Not that I'm much in favour of either but, on balance, I'll take a hot flash.

When my mother was going through this life stage she was tormented by a few specific things: flashes, mood swings and brain fog. Honestly, the hot flashes made her miserable but, for my money, the brain fog was the most challenging. At one point, my sister and I were vaguely concerned about a diagnosis of early-onset dementia (sorry Ma!). (Note: in the years following menopause my mother's brain resumed its previous and spicy sharpness so I can only assume it was hormones. Also, my sister and I were young and hormonally chaotic in our own right when we were making this assumption, so take from this what you will.)

One of the beautiful gifts of intermittent pain is that it puts everything into perspective. My mother was so unhinged by the hot flashes (she really suffered) and I suspect I might be too if I weren't managing what I hope to be the most significant of my own perimenopausal boulders: pain. Now, my pain is definitely more knowable than it ever has been, but pain is not particularly knowable. It's strange to say this but I am so grateful to have experienced many types of pain on multiple occasions because now, at least, we are acquainted. Pain is miserable but it's ignorable (to some extent) when you disassociate it from the darkest well of fear.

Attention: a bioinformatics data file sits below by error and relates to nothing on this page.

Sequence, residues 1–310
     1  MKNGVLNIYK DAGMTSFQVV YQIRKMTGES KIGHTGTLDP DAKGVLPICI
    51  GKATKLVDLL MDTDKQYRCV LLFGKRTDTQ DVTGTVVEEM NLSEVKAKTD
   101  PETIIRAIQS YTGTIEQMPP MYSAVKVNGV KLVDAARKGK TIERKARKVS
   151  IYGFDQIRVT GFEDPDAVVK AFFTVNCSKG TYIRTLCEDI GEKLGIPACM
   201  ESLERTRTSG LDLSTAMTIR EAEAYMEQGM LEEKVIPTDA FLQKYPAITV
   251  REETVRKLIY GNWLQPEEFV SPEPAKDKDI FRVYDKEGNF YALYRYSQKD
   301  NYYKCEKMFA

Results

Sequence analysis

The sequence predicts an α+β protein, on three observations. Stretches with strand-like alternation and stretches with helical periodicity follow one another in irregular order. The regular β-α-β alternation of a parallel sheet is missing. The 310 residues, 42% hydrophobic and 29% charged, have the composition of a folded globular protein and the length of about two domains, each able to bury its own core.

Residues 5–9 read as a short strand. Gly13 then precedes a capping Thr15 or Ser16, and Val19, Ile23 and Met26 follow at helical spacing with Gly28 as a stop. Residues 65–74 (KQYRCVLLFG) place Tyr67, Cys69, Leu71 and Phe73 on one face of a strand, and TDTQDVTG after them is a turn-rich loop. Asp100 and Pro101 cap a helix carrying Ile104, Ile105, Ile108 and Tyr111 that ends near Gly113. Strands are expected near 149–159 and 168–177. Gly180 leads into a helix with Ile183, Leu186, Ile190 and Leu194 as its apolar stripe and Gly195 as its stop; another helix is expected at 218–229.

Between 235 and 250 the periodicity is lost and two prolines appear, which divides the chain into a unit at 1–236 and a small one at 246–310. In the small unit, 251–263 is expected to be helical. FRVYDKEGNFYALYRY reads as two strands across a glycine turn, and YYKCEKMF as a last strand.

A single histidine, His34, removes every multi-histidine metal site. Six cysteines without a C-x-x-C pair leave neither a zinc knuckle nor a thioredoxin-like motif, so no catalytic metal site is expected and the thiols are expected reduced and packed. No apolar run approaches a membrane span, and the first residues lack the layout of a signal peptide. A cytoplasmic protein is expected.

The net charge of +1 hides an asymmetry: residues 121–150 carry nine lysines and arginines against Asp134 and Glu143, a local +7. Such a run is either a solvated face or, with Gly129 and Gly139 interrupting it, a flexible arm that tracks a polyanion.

The first time I had the right knee issue, the left foot issue, the left hip issue, the right shoulder issue, the migraines, the searing ear thing (that brings the tinnitus), the myofascial grip of my entire torso - I was fucking afraid. Now when I meet these, and they have all recurred a minimum of dozens of times (if not hundreds of times), I send them my compassion. We're in this together but I have nothing to gain from defining myself by my pain and so I have to accept its presence while fundamentally rejecting it. This sort of mind-fuck is apt to make one quite adaptive.

Youth may be wasted on the young but middle-age gives what it knows we can take. I'm incredibly grateful that, though my memory is not good (never has been, but def it's worse now), my mind is agile. Even as I go through a phase known to unmoor far greater minds than mine, I'm with my self. I know myself.